Advertisement

 

 

The pedunculopontine tegmentum controls renal sympathetic nerve activity and cardiorespiratory activities in nembutal-anesthetized rats.

The pedunculopontine tegmentum controls renal sympathetic nerve activity and cardiorespiratory activities in nembutal-anesthetized rats.
Author Information (click to view)

Fink AM, Dean C, Piano MR, Carley DW,


Fink AM, Dean C, Piano MR, Carley DW, (click to view)

Fink AM, Dean C, Piano MR, Carley DW,

Advertisement

PloS one 2017 11 0912(11) e0187956 doi 10.1371/journal.pone.0187956
Abstract

Elevated renal sympathetic nerve activity (RSNA) accompanies a variety of complex disorders, including obstructive sleep apnea, heart failure, and chronic kidney disease. Understanding pathophysiologic renal mechanisms is important for determining why hypertension is both a common sequelae and a predisposing factor of these disorders. The role of the brainstem in regulating RSNA remains incompletely understood. The pedunculopontine tegmentum (PPT) is known for regulating behaviors including alertness, locomotion, and rapid eye movement sleep. Activation of PPT neurons in anesthetized rats was previously found to increase splanchnic sympathetic nerve activity and blood pressure, in addition to altering breathing. The present study is the first investigation of the PPT and its potential role in regulating RSNA. Microinjections of DL-homocysteic acid (DLH) were used to probe the PPT in 100-μm increments in Nembutal-anesthetized rats to identify effective sites, defined as locations where changes in RSNA could be evoked. A total of 239 DLH microinjections were made in 18 rats, which identified 20 effective sites (each confirmed by the ability to evoke a repeatable sympathoexcitatory response). Peak increases in RSNA occurred within 10-20 seconds of PPT activation, with RSNA increasing by 104.5 ± 68.4% (mean ± standard deviation) from baseline. Mean arterial pressure remained significantly elevated for 30 seconds, increasing from 101.6 ± 18.6 mmHg to 135.9 ± 36.4 mmHg. DLH microinjections also increased respiratory rate and minute ventilation. The effective sites were found throughout the rostal-caudal extent of the PPT with most located in the dorsal regions of the nucleus. The majority of PPT locations tested with DLH microinjections did not alter RSNA (179 sites), suggesting that the neurons that confer renal sympathoexcitatory functions comprise a small component of the PPT. The study also underscores the importance of further investigation to determine whether sympathoexcitatory PPT neurons contribute to adverse renal and cardiovascular consequences of diseases such as obstructive sleep apnea and heart failure.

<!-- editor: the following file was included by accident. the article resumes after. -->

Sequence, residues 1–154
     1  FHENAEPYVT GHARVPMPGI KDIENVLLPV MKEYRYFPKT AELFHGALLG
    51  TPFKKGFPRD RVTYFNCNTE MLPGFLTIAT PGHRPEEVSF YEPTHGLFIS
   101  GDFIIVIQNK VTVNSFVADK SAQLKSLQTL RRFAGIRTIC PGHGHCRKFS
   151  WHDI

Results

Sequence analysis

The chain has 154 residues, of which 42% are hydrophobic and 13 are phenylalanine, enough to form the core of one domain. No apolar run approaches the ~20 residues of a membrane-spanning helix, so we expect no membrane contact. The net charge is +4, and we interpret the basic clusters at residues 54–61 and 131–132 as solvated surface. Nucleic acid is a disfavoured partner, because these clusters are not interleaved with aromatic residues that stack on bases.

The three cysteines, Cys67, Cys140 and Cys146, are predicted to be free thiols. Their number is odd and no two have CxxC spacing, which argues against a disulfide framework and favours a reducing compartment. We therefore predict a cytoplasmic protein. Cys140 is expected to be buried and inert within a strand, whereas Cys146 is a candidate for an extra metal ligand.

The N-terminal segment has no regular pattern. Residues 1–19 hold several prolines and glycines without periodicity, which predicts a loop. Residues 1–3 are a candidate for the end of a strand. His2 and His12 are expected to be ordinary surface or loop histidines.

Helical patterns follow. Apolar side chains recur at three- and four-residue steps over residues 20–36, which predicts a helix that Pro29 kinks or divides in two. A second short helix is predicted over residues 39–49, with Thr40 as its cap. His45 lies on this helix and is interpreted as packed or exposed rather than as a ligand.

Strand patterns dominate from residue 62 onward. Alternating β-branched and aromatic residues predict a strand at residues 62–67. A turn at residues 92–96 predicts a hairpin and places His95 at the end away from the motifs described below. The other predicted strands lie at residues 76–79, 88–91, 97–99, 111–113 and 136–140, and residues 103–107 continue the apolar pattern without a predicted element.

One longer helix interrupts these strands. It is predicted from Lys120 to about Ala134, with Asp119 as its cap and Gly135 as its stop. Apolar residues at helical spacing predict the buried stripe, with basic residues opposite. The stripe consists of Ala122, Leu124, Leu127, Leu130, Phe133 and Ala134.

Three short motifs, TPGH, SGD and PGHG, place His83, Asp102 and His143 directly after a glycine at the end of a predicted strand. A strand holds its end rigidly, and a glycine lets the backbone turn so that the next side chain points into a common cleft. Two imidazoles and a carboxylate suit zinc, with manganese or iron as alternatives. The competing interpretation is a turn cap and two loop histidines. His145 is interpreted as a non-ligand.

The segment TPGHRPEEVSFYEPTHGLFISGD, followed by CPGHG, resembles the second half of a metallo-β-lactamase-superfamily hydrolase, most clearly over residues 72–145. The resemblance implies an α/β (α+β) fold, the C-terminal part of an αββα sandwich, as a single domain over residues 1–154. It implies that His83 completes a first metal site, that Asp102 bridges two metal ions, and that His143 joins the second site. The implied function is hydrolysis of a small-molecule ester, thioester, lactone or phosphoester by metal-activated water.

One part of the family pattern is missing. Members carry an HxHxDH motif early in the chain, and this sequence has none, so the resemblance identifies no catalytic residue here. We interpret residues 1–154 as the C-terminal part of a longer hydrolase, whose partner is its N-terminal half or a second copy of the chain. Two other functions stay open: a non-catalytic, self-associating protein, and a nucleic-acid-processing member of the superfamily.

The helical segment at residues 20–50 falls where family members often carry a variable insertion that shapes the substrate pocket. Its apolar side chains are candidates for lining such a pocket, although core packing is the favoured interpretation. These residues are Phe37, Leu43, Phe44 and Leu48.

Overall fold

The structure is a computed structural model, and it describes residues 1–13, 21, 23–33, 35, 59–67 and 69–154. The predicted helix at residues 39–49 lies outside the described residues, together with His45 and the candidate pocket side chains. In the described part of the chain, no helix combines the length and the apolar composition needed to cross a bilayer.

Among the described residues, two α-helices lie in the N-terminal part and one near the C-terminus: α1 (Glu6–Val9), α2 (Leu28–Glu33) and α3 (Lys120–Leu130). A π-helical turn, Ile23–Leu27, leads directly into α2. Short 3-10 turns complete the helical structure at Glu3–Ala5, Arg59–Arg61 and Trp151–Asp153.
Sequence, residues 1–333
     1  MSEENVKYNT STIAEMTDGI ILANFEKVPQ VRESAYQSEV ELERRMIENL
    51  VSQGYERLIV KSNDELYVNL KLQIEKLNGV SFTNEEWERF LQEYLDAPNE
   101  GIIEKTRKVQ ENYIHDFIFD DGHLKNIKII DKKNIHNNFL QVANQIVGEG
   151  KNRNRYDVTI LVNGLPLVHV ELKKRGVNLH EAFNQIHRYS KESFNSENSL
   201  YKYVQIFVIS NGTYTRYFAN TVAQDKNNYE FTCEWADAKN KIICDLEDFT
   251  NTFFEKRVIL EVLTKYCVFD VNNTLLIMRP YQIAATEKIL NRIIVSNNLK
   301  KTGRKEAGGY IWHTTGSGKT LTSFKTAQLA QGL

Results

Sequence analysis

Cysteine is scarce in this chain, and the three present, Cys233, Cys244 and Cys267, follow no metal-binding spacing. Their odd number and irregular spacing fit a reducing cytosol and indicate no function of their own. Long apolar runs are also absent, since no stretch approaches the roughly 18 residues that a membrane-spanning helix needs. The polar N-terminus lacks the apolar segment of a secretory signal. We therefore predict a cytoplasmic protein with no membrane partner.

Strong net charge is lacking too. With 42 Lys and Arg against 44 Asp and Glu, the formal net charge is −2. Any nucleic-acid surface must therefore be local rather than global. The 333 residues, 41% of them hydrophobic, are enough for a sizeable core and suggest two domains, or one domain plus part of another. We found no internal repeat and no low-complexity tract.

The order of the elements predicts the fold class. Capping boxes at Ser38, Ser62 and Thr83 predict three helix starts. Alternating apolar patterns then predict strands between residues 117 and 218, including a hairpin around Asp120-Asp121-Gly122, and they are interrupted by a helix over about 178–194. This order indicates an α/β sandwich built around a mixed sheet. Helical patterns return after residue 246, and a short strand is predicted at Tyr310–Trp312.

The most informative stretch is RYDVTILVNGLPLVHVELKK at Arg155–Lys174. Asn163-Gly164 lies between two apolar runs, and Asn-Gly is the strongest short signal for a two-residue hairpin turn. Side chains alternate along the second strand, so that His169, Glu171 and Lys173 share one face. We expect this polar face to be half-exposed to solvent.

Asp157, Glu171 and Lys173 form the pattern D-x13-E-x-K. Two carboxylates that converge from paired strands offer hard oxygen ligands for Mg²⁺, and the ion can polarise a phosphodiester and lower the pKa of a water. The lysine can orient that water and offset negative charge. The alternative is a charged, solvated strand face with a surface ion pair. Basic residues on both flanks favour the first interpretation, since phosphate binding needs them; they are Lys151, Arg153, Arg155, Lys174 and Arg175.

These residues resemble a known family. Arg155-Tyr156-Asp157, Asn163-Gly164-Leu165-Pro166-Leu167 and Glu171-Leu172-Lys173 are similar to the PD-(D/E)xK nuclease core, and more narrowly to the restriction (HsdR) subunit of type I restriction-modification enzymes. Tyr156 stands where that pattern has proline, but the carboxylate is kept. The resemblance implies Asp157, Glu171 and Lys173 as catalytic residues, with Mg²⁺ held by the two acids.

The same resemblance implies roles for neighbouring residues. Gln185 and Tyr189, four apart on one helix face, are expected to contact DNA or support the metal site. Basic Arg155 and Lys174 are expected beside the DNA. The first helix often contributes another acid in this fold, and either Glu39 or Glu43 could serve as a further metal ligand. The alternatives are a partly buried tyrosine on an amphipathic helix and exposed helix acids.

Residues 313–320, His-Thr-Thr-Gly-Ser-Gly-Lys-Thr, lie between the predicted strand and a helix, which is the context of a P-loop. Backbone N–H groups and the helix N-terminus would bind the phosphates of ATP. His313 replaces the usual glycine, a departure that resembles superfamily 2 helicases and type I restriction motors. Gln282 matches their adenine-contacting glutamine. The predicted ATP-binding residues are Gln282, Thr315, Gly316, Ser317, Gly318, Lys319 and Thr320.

Submit a Comment

Your email address will not be published. Required fields are marked *

5 × three =

[ HIDE/SHOW ]